American Airlines to Combine AAdvantage and Dividend Miles In 30 Days

American Airlines is sending out some more news about the upcoming transition to one loyalty program.  They had originally predicted that the transition would happen in the 2nd quarter of 2015, and that appears likely.  Today’s announcement says this transition is less than 30 days away, which I view as a good thing.

So, what else is happening with this change?

  • All Dividend Miles accounts that have been linked will have their balances transferred to the corresponding AAdvantage account.
  • Elite-qualifying miles from 2014 will be combined to determine your 2015 status.  I was lucky enough to hold onto my Executive Platinum status, and now I know it won’t be more than 30 days before that’s official, even if it does go away temporarily.
  • Butt-in-seat miles from the Dividend Miles program will move over to AAdvantage as progress towards their Million Miler benefits.
  • All awards will be booked through AAdvantage accounts going forward.  This is both good and bad.  It’s a big positive for most folks because it means everything can be booked as a one-way award (US Airways charges the round-trip price for a one-way award right now).  But, there are a few parts of the Dividend Miles program that are a bit more generous, so if you prefer those booking rules, you’re on the clock to book your last awards!
  • US Airways Dividend Miles members will get a starting balance of 500-mile upgrades. They’ll need to start using those for domestic flights operated by American Airlines that are over 500 miles in length to get upgraded to First.

You still have time to link your AAdvantage and Dividend Miles accounts(link here) and should do so to make things smoother for yourself. 

Starting with the account merge, AADVANTAGE elites will start getting free upgrades on domestic flights less than 500 miles (they won’t need to use 500-mile upgrades or “stickers” any longer. 

Codeshare flights will continue to be troublesome for domestic upgrades. You won’t be able to upgrade ahead of time for those, so it’s still best to buy a ticket from American Airlines for an American-operated flight and the same for US Airways (unless the pricing is wonky, something I see often).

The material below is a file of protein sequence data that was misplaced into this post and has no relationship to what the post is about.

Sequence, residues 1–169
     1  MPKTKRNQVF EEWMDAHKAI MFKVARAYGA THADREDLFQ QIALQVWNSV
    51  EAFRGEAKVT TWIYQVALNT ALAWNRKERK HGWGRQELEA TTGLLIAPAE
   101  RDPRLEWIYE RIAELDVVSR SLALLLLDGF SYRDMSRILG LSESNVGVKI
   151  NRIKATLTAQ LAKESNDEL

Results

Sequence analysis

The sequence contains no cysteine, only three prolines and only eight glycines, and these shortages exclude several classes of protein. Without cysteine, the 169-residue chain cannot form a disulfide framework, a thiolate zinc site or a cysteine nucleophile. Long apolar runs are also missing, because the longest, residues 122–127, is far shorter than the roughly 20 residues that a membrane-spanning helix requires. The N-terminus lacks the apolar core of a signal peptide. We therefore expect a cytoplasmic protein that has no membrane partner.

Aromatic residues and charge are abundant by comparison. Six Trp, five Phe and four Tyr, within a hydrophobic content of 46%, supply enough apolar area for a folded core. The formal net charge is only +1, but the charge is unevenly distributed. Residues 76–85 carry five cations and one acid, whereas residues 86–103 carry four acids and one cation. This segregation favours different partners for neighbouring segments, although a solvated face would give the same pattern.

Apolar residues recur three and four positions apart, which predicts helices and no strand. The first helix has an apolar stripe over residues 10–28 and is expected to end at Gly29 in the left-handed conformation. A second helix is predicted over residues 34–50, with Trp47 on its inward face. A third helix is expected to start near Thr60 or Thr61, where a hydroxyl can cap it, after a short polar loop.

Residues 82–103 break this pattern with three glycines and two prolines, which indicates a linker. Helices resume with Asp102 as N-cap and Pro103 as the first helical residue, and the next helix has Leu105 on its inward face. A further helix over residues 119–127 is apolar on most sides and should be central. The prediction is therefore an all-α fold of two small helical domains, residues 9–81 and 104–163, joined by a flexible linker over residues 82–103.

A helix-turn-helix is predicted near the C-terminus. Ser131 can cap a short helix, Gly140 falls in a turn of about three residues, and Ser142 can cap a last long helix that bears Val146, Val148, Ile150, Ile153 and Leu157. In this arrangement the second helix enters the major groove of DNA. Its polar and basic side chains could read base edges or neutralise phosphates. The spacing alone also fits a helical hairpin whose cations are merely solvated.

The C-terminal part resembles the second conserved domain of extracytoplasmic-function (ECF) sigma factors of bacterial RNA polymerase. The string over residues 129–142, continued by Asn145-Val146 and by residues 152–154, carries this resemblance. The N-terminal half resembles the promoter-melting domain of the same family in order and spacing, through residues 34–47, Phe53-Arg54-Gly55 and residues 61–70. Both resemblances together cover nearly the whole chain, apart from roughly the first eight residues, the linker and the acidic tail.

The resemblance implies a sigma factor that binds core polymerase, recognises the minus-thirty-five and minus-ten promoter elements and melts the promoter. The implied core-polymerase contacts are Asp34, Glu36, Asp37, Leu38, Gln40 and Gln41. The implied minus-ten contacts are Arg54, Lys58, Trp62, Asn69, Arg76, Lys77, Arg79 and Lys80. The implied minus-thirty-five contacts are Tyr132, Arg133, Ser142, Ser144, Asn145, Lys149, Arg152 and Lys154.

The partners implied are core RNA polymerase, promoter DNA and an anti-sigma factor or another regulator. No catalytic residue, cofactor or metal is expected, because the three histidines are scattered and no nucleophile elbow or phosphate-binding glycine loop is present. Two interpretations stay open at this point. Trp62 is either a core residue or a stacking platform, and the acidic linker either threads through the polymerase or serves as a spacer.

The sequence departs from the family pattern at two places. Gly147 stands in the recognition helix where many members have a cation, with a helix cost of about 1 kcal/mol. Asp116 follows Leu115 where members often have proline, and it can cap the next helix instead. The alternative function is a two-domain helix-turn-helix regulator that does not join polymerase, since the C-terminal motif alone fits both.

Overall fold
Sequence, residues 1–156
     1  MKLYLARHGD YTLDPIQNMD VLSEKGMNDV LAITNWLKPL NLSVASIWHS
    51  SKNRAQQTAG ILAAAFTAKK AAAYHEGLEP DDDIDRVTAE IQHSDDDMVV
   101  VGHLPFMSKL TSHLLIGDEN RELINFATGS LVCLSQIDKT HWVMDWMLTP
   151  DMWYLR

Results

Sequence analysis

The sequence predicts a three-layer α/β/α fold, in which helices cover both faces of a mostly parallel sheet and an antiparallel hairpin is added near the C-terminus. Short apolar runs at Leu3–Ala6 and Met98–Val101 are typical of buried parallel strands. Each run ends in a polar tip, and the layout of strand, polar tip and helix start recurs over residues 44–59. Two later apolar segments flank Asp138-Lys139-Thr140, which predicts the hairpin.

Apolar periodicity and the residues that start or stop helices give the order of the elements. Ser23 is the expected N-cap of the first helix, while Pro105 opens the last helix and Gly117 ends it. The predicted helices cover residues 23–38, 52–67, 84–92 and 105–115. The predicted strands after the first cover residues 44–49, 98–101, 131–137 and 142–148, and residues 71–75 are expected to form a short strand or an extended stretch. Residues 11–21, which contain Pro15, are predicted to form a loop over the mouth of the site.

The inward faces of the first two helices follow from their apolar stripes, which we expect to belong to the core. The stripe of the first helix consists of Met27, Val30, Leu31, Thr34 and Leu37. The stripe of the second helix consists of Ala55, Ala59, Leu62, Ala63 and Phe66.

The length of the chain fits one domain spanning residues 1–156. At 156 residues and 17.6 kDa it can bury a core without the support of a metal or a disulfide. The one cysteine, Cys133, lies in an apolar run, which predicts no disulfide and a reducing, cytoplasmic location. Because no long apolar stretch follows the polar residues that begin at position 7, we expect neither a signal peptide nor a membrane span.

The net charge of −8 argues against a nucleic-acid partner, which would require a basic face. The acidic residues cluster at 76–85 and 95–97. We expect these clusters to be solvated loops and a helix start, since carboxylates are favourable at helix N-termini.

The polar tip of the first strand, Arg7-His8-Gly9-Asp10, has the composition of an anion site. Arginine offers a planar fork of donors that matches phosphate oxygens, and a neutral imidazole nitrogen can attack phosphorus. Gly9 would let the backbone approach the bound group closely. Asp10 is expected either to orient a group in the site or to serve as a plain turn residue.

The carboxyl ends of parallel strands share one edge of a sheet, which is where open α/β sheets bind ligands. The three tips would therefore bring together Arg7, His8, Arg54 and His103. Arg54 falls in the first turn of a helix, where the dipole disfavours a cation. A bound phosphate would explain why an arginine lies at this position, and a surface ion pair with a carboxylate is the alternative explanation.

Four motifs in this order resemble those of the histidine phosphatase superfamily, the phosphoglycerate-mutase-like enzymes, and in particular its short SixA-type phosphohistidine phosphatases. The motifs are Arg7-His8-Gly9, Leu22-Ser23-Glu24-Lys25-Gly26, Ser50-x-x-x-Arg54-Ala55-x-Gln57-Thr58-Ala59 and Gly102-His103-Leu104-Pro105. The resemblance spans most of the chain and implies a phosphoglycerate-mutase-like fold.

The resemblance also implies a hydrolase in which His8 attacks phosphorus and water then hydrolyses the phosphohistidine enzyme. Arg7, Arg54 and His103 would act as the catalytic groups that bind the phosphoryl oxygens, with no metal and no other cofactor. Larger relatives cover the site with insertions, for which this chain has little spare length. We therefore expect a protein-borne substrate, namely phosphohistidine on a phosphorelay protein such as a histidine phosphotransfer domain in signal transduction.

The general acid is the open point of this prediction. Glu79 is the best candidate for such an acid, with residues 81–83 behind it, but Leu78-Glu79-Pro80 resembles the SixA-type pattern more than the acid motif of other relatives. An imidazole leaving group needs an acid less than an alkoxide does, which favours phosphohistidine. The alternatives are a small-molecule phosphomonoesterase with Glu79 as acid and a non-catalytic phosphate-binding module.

All in all it’s a good next step. The process has been slow and steady, but as long as the new American keeps moving forward without big issues, I’m encouraged by the progress.  

 

 


The post American Airlines to Combine AAdvantage and Dividend Miles In 30 Days was published first on Pizza In Motion.

Don’t miss any of the daily travel tips, tricks and strategies found here.  Follow me using one of these options:

twitter-icon-50x50 rss-icon-50x50256px-Email_Shiny_Icon-49x50facebook-icon-50x50

 

 

2 Comments

  1. “but as long as the new American keeps moving forward without big issues”

    I consider it all but certain that there will be big issues. There’s no way they can combine two organizations the size of US & AA without there being issues. The main question in my mind is whether or not those issues will be on the front (customer-facing) end or the back end.

    1. Brian, I disagree it’s a certainty. They’ve split this up into more pieces than the airlines before them. They’re not doing reservation systems right now, just loyalty. There may be issues, but I don’t think there’s any data to indicate that’s a certainty.

Leave a Reply